Capitol Comments

This week the Obama Administration unveiled an ambitious plan to curb prescription drug abuse by cracking down on pill mills and doctor shopping and requiring drug manufacturers to develop education programs aimed at both doctors and patients. 

Staff from CSG’s National Center for Interstate Compacts recently convened the second Electricity Transmission Line Siting advisory group meeting in Uncasville, CT.  During the meeting panelists continued discussion about the feasibility of an interstate compact designed to improve the process for siting interstate transmission lines.  The panel, which was co-chaired by Rep. Tom Sloan (KS) and Rep. Kim Koppelman (ND), concluded that a national compact that called for a common application process, standard timelines, and a more uniform review process would allow lines to be more efficiently sited across state lines.

State officials have plenty of thoughts on what should be in the next authorization of federal transportation programs. Last week they used a variety of venues to once again let Congress know their priorities for the successor to SAFETEA-LU, the 2005 authorization legislation that officially expired in 2009 which has been operating under a series of temporary extensions since. But many wonder whether a new bill that is expected to be substantially more limited in scope and dollars than past efforts can come close to meeting state wish lists.

This week CSG released a new Capitol Facts & Figures policy brief highlighting efforts to increase or otherwise change State Motor Fuel Taxes in a number of states this year. Although some earlier this year predicted that several states, faced with significant infrastructure challenges and limited options to raise needed transportation revenues, would increase their gas taxes in 2011, that hasn’t yet come to pass. Instead, escalating gas prices caused by instability in the Middle East and North Africa have meant that gas tax increases are still just as politically unpopular as they were in 2010, when no state adopted one. But that doesn’t mean there haven’t been some interesting developments this year. Here are some updates on recent activity in South Dakota, Arkansas, Oregon and other states.

Today, one day after President Obama's speech on reducing the national deficit, the federal government announced it approved a Medicaid waiver from New Jersey that will expand Medicaid coverage to almost 60,000 persons three years before the 2014 deadline in the federal health reform law.         

New Jersey’s 1115 Demonstration waiver will expand Medicaid to certain childless adults in the state.  The 1115 demonstration will expand health coverage to nearly 70,000 uninsured, low-income people through the Work First New...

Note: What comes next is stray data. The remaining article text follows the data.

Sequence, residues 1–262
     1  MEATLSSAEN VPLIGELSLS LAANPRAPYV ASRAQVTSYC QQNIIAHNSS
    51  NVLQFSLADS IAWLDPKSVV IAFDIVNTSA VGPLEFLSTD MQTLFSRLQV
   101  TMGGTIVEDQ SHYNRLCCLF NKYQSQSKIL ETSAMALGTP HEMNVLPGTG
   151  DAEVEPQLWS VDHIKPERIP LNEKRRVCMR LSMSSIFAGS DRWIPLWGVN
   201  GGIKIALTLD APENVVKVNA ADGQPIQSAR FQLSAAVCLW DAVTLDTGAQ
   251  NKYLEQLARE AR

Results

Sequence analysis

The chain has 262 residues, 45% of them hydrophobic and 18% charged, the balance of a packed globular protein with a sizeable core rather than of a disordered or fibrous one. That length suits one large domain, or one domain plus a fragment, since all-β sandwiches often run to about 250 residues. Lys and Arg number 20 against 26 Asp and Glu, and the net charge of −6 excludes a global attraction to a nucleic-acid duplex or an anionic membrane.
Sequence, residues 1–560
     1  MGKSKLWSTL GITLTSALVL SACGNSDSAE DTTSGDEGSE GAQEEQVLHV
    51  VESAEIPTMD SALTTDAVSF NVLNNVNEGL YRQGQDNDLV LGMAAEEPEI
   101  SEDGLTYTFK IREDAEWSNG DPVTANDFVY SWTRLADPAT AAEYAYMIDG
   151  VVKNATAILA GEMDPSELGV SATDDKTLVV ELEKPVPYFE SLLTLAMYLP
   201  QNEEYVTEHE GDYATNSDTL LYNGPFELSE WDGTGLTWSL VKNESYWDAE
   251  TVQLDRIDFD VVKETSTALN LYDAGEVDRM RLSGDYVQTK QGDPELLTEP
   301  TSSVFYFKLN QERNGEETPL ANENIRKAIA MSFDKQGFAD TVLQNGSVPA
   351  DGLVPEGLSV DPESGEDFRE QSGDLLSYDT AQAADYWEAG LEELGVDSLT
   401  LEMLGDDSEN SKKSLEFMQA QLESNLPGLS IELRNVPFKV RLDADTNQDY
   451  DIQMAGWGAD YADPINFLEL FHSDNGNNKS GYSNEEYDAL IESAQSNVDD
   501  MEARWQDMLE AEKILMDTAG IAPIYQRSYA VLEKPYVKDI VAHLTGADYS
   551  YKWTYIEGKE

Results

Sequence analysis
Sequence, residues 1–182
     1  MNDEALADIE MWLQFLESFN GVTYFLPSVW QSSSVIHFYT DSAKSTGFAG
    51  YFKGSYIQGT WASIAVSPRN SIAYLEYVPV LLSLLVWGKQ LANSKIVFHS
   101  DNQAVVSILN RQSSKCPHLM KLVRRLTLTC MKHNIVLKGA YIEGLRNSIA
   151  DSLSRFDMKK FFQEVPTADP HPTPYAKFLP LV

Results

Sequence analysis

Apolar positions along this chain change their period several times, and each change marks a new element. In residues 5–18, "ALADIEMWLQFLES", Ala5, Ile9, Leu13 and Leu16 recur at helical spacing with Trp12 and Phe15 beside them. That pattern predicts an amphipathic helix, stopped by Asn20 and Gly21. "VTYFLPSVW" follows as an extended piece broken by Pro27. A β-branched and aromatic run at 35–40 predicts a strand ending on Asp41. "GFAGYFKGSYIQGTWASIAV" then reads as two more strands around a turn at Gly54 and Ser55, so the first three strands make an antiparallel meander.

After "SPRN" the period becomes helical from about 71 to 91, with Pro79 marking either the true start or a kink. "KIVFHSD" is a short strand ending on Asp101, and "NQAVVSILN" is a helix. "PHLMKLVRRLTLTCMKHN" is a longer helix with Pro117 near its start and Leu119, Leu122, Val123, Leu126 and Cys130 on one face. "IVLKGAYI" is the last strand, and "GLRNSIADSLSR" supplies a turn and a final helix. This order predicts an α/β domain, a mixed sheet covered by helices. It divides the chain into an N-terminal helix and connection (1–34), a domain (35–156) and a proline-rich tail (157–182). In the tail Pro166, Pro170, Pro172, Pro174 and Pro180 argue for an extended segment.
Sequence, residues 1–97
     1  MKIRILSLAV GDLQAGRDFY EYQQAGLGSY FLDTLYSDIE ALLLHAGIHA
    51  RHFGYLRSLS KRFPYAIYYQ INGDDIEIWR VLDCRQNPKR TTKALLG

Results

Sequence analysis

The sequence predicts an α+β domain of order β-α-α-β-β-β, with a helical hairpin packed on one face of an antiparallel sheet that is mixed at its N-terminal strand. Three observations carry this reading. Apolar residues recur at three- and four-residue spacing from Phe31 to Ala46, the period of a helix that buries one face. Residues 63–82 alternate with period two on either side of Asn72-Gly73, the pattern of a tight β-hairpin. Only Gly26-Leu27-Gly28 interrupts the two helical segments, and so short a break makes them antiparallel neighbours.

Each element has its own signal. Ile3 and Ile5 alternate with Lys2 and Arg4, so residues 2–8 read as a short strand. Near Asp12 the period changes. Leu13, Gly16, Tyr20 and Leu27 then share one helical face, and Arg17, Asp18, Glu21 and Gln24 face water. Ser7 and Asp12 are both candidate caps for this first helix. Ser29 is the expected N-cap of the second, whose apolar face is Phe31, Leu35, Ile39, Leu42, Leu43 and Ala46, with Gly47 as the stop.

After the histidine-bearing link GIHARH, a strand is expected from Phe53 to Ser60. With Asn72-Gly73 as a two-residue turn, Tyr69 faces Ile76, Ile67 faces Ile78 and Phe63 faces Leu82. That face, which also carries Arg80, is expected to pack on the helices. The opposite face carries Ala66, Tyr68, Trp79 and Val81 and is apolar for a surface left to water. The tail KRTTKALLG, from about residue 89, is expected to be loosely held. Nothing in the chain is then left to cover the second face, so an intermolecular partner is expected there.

One in four Medicare dollars goes to care for individuals in the last year of their life. The Dartmouth Atlas Project has just released a new study looking at end-of-life medical care. The study found that there are lessons to be learned by looking at geographical differences.

In 2003, 32.2 percent of patients died in a hospital but by 2007, the rate had dropped to 28.1 percent. The rates vary greatly by geography: In 2007, the highest rates of death in a hospital were in regions in and around New York City, including...

With a federal budget deal last Friday, Congress may have temporarily averted a government shutdown, but there are still plenty of potentially contentious issues coming down the pike in Washington this year. One of those could be the future of federal transportation programs. This afternoon at 3pm EDT, CSG will host a webinar focusing on how that debate might take shape. It’s part of CSG’s Growth and Prosperity Virtual Summit of the States, a four-day webinar series. The forum will include two perspectives from opposite ends of the political spectrum. Dr. Ronald Utt is a Senior Research Fellow at the Heritage Foundation, a conservative Washington, D.C. think tank. Donna Cooper is a Senior Fellow at the Center for American Progress, a liberal think tank in the nation’s capital. Here’s a brief glimpse into where these speakers come down on some of the key issues in federal transportation reauthorization.

Early learning, K-12 education and postsecondary education all combine to create competent graduates ready for 21st century jobs.  Highly-skilled workers lead to prosperity for states in the new economy.  Institutions can't wait until high school to begin preparing students for the future, whether it be technical school, college or straight into a career.

State policymakers play a critical role through funding strategies and policy decisions in developing a competent work force.  Join us on Wednesday, April 13 at 1:00 p.m...

Three leaders in health will present during CSG's Virtual Summit 2.0 on Wednesday, April 13, at 3PM. The session, entitled "Encouraging American Innovation & Competing in a Global Economy – Health Care,"  will explore the policies state leaders can adopt to ensure that their states are fertile ground for high-tech companies.

From their viewpoints as private sector leaders, panelists will explore the policies states can adopt to help ensure innovative companies stay in place and thrive, as well as to attract...


Creating a Culture of Entrepreneurship:  Live Webinar, Tuesday, April 12, 3 p.m. EDT

Despite the Great Recession and its impacts on big business, the entrepreneur has been hard at work creating new opportunities as well as jobs. A quick glance at new start-ups data from the Kauffman Foundation shows new businesses being created at an increased rate over each of the last five years. Admittedly many of these new businesses may have been created by those who may have lost jobs in the economic downturn, but it may likewise hint at an increasing trend present in state economic development policies: the overt drive to create a culture of entrepreneurship.